TGFbeta signaling is necessary for carcinoma cell invasiveness and metastasis

Curr Biol. 1998 Nov 19;8(23):1243-52. doi: 10.1016/s0960-9822(07)00533-7.


Background: Invasive growth of epithelial tumor cells, a major cause of death from cancer in humans, involves loss of epithelial polarity and dedifferentiation. Transforming growth factor beta (TGFbeta) is regarded as a major tumor suppressor during early tumor development because it inhibits cell-cycle progression and tumor growth. Many dedifferentiated, late-stage tumors are resistant to growth inhibition by TGFbeta, however, and even secrete TGFbeta. In line with this, TGFbeta is involved in angiogenesis, wound healing and epithelial-mesenchymal transition (EMT) during development. Ha-Ras-transformed mammary epithelial cells (EpRas) undergo TGFbeta-induced EMT maintained via a TGFbeta autocrine loop. Thus, we have analyzed whether signal transduction by the TGFbeta receptor (TGFbetaR) is required for local tumor cell invasion and metastasis.

Results: A dominant-negative type II TGFbetaR (TGFbetaRII-dn) was expressed using retroviral vectors in EpRas cells and highly metastatic mesenchymal mouse colon carcinoma cells (CT26). In both cell types, TGFbetaRII-dn blocked TGFbetaR signaling and heavily delayed tumor formation. In EpRas cells, TGFbetaRII-dn prevented EMT. In the dedifferentiated mesenchymal CT26 cells, TGFbetaRII-dn caused mesenchymal-to-epithelial transition and inhibited their in vitro invasiveness in several assays. In addition, TGFbetaRII-dn completely abolished metastasis formation by CT26 cells. Furthermore, several human carcinoma lines lost in vitro invasiveness when treated with neutralizing TGFbeta antibodies or soluble receptor variants. Finally, human colon carcinoma cells (hnPCC) expressing a mutated, non-functional TGFbetaRII were non-invasive in vitro, a defect restored by re-expressing wild-type TGFbetaRII.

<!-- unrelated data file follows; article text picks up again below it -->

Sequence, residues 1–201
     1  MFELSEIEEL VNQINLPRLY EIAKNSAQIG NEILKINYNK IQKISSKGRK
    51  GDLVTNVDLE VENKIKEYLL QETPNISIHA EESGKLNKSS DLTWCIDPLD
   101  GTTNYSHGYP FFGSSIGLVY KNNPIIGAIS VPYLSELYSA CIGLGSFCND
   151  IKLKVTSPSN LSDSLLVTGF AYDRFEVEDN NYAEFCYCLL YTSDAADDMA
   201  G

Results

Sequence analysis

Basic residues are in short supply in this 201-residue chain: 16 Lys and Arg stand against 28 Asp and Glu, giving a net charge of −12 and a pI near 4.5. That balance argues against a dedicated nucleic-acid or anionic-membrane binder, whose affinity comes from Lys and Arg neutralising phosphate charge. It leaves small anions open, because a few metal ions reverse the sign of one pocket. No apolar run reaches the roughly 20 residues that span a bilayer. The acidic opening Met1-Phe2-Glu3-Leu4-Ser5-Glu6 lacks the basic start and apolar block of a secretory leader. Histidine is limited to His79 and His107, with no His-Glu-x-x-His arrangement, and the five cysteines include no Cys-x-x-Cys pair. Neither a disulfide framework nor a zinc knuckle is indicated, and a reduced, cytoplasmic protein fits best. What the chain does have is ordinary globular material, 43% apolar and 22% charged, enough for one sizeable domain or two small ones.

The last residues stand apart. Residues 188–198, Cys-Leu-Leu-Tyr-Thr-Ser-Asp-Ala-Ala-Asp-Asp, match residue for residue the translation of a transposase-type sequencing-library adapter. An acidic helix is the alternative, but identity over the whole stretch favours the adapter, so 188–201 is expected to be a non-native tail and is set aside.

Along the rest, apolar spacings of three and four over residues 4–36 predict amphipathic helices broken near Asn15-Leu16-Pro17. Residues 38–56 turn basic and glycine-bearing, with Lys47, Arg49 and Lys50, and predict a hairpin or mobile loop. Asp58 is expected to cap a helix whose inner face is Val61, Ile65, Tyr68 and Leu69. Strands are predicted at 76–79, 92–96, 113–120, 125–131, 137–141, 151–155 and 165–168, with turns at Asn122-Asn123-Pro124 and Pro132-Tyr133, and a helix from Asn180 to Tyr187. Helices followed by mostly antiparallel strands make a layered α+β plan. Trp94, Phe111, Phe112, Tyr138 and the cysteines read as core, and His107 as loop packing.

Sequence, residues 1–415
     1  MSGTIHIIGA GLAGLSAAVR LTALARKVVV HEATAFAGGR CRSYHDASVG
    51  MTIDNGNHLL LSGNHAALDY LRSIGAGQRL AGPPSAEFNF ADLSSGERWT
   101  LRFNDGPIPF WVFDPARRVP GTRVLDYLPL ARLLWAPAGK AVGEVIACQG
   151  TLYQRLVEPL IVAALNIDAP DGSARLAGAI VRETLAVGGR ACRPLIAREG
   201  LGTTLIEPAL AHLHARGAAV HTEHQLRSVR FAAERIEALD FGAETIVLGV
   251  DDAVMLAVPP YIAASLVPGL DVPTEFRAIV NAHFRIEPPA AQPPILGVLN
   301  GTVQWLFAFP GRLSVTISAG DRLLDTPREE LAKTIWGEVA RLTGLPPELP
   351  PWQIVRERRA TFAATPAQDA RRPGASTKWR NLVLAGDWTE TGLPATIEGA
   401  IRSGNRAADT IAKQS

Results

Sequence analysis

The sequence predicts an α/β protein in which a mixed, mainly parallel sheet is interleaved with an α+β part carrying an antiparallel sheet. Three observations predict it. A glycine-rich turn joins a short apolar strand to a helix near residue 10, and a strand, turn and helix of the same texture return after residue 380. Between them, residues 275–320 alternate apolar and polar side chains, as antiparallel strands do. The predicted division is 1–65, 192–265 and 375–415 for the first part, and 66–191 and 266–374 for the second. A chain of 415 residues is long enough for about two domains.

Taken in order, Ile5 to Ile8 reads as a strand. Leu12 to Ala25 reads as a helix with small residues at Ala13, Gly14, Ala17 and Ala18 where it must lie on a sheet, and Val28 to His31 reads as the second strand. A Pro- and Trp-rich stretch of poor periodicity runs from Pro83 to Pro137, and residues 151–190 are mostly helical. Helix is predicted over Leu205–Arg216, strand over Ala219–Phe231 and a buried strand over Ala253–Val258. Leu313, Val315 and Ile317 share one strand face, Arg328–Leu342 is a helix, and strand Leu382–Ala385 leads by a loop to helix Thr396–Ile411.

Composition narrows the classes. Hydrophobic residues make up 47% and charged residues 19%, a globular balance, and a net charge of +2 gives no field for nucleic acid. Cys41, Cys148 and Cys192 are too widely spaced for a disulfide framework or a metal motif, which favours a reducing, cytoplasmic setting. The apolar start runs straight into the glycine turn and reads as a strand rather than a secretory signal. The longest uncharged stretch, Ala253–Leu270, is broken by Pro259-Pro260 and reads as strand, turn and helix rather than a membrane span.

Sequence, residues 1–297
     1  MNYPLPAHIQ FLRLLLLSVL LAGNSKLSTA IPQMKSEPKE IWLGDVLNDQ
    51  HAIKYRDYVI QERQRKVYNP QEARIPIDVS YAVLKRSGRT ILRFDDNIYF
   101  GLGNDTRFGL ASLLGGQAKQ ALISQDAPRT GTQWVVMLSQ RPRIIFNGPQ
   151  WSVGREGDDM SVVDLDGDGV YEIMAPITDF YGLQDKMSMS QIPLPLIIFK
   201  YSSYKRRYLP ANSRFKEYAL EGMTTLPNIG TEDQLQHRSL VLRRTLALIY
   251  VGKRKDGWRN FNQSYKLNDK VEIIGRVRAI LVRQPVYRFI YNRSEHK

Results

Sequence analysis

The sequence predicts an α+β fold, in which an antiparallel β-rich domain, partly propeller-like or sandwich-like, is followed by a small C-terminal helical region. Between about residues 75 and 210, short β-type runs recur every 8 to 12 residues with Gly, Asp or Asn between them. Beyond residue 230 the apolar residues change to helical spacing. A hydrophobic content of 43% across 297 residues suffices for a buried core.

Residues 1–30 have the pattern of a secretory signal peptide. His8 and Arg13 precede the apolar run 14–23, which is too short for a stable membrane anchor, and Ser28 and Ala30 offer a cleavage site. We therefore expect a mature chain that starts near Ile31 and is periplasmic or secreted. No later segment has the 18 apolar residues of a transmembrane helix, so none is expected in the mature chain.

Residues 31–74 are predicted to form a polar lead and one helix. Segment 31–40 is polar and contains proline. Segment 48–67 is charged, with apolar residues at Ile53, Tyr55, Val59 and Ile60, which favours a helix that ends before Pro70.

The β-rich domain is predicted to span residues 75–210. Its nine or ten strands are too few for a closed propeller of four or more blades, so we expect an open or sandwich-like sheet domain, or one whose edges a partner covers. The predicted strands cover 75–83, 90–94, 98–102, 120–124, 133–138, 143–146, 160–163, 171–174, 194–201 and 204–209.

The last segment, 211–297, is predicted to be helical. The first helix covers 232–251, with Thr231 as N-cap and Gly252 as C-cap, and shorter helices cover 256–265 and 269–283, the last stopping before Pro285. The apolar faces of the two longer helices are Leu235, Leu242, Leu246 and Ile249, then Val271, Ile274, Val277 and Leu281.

Conclusions: Cell-autonomous TGFbeta signaling is required for both induction and maintenance of in vitro invasiveness and metastasis during late-stage tumorigenesis. TGFbetaRII therefore represents a potential target for therapeutical intervention in human tumorigenesis.

Publication types

  • Research Support, Non-U.S. Gov't

MeSH terms

  • Animals
  • Cell Cycle
  • Colonic Neoplasms / metabolism
  • Epithelial Cells
  • Humans
  • Mesoderm
  • Mice
  • Mutation
  • Neoplasm Invasiveness*
  • Neoplasm Metastasis*
  • Receptors, Transforming Growth Factor beta / antagonists & inhibitors
  • Receptors, Transforming Growth Factor beta / metabolism
  • Signal Transduction*
  • Transforming Growth Factor beta / physiology*
  • Tumor Cells, Cultured


  • Receptors, Transforming Growth Factor beta
  • Transforming Growth Factor beta